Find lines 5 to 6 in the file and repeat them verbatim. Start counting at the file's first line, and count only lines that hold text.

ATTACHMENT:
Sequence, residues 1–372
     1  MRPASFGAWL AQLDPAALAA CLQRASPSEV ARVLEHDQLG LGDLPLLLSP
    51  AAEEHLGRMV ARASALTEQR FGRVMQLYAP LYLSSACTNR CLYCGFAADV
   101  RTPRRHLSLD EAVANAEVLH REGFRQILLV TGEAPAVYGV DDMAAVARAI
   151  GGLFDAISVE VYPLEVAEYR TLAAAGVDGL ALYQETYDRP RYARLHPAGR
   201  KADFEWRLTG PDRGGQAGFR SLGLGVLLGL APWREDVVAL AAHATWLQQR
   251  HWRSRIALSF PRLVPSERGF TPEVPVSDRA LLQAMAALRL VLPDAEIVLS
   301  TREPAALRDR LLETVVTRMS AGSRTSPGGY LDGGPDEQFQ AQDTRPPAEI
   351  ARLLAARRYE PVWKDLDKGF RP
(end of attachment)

   151  GGLFDAISVE VYPLEVAEYR TLAAAGVDGL ALYQETYDRP RYARLHPAGR
   201  KADFEWRLTG PDRGGQAGFR SLGLGVLLGL APWREDVVAL AAHATWLQQR